“Harvey” is a name Houstonians will never forget. The Category 4 storm arrived in Houston Aug. 25, 2017, then stalled, hovering for four days over Harris County. Although it was downgraded from a hurricane to a tropical storm 12 hours after its initial landfall, it nevertheless caused record damage. In fact, Hurricane Harvey is currently tied with Hurricane Katrina as the costliest natural disaster in U.S. history, having inflicted $125 billion in damage over an area the size of Indiana.
Tragically, Harvey killed 107 people and destroyed or damaged 150,000 homes. Losses could have easily been much greater, however. That they weren’t is thanks in part to geospatial intelligence, panelists suggested Sunday at GEOINT Foreword, where they led a discussion on the growing use, increased sophistication, and current deficits of spatial analytics for disaster planning, prediction, response, and recovery.
“Spatial analytics are allowing us to understand the scope of events. But with any kind of breakthrough there are risks, opportunities, and challenges,” said panel moderator Mina Chang, CEO of Linking the World and international security fellow at New America. “Whenever a disaster hits, we are hit with a tsunami of raw data. What do we do with this? Can we process the data at the speed of collection when we have so much, or does it need to go back to a central point? How quickly can we get the insights to the operator on the ground?”
The panelists to which Chang posed these and other questions were: Chuck Delaune, senior director, disaster technology humanitarian IT, American Red Cross; Michael Ouimet, manager, critical information systems, Division of Emergency Management, Texas Department of Public Safety; and Ted Okada, chief technology officer, Federal Emergency Management Agency (FEMA).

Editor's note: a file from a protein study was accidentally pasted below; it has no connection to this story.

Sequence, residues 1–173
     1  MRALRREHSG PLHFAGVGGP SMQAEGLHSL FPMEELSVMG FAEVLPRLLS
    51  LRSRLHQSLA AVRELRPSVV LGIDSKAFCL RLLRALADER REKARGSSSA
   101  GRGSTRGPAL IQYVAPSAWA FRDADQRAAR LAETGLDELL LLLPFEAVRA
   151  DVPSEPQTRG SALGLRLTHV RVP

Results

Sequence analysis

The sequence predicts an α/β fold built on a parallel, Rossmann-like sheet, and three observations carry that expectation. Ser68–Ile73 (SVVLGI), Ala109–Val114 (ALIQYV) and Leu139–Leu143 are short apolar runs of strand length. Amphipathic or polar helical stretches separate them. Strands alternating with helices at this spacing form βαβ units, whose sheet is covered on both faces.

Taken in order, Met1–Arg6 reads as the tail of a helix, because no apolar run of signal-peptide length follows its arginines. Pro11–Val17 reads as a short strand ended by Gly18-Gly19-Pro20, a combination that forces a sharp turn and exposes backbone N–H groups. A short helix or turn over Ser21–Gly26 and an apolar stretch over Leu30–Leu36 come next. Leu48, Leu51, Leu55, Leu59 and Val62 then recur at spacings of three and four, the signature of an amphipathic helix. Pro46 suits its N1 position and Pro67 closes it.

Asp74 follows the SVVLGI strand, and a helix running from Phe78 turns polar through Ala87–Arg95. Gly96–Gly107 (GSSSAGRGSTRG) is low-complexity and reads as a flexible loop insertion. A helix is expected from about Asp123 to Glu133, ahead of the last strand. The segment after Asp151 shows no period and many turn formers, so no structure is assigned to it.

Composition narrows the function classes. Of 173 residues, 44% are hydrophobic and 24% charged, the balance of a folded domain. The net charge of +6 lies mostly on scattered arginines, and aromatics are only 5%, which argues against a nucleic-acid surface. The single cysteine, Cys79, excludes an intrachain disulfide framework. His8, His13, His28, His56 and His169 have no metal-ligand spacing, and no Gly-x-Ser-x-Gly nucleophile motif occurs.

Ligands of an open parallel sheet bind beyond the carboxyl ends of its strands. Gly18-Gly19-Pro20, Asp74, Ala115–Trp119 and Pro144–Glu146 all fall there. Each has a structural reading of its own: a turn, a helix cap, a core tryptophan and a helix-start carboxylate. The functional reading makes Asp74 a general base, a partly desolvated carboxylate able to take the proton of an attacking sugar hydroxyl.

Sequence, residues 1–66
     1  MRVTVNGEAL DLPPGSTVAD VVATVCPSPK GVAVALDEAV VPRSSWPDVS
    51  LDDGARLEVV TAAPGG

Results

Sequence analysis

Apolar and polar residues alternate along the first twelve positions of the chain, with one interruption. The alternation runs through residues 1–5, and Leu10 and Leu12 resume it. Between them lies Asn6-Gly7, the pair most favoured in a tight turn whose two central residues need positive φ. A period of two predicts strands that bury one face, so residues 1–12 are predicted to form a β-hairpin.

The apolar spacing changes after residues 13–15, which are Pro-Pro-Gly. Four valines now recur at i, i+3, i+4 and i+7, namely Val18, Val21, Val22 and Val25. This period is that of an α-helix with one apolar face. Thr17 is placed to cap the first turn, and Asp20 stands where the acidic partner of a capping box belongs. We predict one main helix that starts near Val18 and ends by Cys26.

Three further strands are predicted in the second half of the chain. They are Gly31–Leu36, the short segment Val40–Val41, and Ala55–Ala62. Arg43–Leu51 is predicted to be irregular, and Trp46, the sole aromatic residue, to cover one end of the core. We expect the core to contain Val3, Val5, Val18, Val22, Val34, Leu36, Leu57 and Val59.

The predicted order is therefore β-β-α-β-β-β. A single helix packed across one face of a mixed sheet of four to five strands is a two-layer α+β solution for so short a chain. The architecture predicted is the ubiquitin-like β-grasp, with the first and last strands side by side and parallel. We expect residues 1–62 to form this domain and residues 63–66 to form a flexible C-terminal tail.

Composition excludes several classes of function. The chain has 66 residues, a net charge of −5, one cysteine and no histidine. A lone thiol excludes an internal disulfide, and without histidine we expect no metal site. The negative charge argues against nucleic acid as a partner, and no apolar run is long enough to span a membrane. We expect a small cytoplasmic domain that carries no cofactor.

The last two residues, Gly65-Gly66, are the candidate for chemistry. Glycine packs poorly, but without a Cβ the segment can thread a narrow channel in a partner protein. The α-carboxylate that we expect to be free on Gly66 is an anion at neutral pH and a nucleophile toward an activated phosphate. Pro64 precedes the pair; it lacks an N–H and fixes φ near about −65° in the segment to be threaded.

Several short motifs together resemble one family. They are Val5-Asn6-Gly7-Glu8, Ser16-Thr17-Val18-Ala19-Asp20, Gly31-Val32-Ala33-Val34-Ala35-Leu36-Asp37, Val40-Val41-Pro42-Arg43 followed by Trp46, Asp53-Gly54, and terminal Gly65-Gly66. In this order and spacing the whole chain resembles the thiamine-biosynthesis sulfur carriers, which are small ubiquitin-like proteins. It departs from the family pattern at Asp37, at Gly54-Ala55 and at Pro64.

Delaune opened the panel on an optimistic note. “These are really exciting times for the Red Cross,” he said, describing two geospatial technologies the Red Cross has in its tool belt: Red Cross Visual Interactive Event Wizard (RC View) and Volunteer Connection. Designed to help the Red Cross manage events and volunteers, respectively, both have geospatial capabilities that have given the Red Cross something it never had before: real-time situational awareness. “We’ve come light years in terms of what we can do and how we do it … in the aftermath of an event.”
Ouimet echoed Delaune’s sentiment. Once skeptical of GEOINT, he witnessed its value firsthand during Harvey and shared what ultimately made him a believer.
“What’s becoming important … for emergency management is [having] better visualization tools so we can better communicate with politicians, decision-makers, and the public,” explained Delaune, who said the next generation of GEOINT promises to deliver exactly those tools—3D models, for example, that illustrate what a flood event might look like in a way that persuades citizens to prepare for an impending emergency better and sooner. “[Geospatial] tools can save time, and time saves lives in emergency management.”
Closing the panel was Okada, who shared how FEMA is embodying at the federal level the same ethos Delaune is embracing at the state level—but with 2D maps instead of 3D visualizations.
“Maps really assert something about the nature of reality,” Okada said, alluding to the mapping products that are part of Hurricane Incident Journal, a GEOINT-powered decision support tool FEMA made public for the first time in 2017. “The more we actually put these tools in the hands of decision-makers … the better off we are. Because as they begin to toggle layers off and on, they are then able to effectively understand the consequence and potential outcome [of their decisions] … to actually respond better.”
Saved lives are the end goal; GEOINT is but a means to achieve it.
“We make decisions [to affect] the outcome for a survivor,” Okada concluded. “That’s the highest priority.”